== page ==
Startup is a popular term in the California business world, so much so that many entrepreneurs and business owners use it to describe almost any new enterprise. But the definition of the term includes factors that are not applicable to all new businesses. A startup is a venture that aims to meet a demand in the marketplace by the development of an innovative service, product, platform or process. Additionally, startups typically have different goals that most small businesses.

Startups are about growing rapidly and getting to the exit. Indeed, one of the biggest parts of any startup is its exit strategy. Startups need a big market, one that will be targeted for market share. When enough market share has been captured, or at some point earlier, the startup will be exited by its owners. The most common exit strategies are acquisitions and IPOs.

Most small businesses, on the other hand, don’t need a big market. Nor do they rely upon innovation to make the enterprise work. Most small businesses owners do not begin with the idea of exit in mind; they begin, rather, in an effort to create an enterprise that will lend financial security and provide a benefit to the community.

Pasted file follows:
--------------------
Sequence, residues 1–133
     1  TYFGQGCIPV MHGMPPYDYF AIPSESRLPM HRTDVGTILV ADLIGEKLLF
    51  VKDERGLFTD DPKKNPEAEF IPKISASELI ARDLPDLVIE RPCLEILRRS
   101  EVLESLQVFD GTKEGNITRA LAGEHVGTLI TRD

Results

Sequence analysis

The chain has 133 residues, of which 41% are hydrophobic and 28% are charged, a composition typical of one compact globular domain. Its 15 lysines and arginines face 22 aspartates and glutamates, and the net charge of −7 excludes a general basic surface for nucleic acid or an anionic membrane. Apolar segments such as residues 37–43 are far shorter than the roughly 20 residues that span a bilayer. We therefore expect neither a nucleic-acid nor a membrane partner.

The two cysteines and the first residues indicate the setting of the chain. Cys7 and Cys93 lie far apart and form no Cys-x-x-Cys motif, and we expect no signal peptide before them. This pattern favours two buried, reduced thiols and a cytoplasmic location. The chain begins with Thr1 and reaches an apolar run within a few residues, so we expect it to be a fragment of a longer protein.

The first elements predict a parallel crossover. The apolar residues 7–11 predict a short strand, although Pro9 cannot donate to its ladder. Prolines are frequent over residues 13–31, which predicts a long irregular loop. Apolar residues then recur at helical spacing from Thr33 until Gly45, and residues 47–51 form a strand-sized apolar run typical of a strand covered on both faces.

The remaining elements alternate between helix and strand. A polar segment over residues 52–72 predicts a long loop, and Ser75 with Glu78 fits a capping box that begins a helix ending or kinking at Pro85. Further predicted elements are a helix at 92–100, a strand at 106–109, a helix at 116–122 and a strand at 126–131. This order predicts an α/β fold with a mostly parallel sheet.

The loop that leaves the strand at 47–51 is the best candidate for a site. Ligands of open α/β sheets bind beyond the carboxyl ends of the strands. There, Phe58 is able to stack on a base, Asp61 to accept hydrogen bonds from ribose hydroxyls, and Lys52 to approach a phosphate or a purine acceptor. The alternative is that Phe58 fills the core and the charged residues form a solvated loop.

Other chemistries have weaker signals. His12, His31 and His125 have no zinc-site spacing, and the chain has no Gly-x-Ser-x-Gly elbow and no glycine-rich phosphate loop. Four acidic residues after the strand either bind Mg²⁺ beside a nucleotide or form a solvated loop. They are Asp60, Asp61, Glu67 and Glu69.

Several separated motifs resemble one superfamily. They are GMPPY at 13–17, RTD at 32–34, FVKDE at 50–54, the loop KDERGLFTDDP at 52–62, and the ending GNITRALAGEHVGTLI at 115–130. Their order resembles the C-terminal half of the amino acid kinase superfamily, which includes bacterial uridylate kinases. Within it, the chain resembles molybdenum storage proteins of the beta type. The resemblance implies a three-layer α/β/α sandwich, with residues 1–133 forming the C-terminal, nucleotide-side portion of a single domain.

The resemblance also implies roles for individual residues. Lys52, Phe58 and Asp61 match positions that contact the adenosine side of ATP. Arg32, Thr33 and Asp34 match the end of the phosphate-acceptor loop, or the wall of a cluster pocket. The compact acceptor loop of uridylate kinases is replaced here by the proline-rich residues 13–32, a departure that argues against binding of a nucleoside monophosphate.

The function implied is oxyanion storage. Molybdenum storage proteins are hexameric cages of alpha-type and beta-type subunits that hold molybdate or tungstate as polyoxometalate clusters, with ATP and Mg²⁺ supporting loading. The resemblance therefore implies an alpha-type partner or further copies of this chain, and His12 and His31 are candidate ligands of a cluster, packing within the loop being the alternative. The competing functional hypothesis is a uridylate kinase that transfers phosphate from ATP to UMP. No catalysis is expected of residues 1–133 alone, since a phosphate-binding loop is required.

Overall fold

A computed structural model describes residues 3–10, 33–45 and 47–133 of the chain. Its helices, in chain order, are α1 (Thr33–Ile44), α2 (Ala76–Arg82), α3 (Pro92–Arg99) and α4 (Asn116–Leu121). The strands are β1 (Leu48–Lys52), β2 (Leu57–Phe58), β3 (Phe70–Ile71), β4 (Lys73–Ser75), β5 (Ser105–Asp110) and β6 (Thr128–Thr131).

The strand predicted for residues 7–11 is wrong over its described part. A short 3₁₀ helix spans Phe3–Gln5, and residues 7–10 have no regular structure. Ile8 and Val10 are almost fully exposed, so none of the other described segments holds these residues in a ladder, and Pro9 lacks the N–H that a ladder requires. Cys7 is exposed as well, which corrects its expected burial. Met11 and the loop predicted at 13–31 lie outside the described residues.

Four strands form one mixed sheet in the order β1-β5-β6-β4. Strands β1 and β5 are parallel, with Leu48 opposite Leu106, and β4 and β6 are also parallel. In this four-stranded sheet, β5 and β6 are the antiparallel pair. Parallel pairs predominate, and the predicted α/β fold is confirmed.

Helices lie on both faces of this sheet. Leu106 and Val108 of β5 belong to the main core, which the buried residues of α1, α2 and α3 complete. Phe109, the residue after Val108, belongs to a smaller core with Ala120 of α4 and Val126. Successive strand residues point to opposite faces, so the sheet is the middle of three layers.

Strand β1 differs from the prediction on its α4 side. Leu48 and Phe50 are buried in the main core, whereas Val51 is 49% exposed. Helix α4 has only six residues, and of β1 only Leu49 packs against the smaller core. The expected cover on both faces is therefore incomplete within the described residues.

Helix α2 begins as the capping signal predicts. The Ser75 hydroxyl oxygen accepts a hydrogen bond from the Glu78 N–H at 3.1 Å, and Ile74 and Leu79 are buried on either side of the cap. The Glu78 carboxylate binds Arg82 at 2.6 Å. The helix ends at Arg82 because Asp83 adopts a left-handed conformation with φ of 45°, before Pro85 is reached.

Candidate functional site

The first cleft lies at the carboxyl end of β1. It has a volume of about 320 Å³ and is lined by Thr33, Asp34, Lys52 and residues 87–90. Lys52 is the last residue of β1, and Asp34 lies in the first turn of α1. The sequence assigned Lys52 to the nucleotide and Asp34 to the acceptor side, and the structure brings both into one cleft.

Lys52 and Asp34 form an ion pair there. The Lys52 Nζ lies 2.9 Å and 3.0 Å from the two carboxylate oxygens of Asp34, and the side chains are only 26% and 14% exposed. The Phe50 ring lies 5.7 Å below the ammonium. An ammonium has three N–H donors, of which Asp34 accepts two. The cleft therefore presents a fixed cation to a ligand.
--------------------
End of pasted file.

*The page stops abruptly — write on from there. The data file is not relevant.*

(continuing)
The distinction is important because much of business strategy, from marketing to finances to legal matters, is different for startups than for most new businesses. Startups are required to make assumptions regarding important matters like pricing, support, distribution and target audiences. Most new businesses have bases for comparison to make these assumptions simpler and more accurate.

An attorney may be able to help California entrepreneurs and business owners to develop successful strategies both before and after they’ve entered the marketplace. An attorney with experience in business formation and planning might be able to suggest structuring options or offer advice regarding the protection of intellectual property.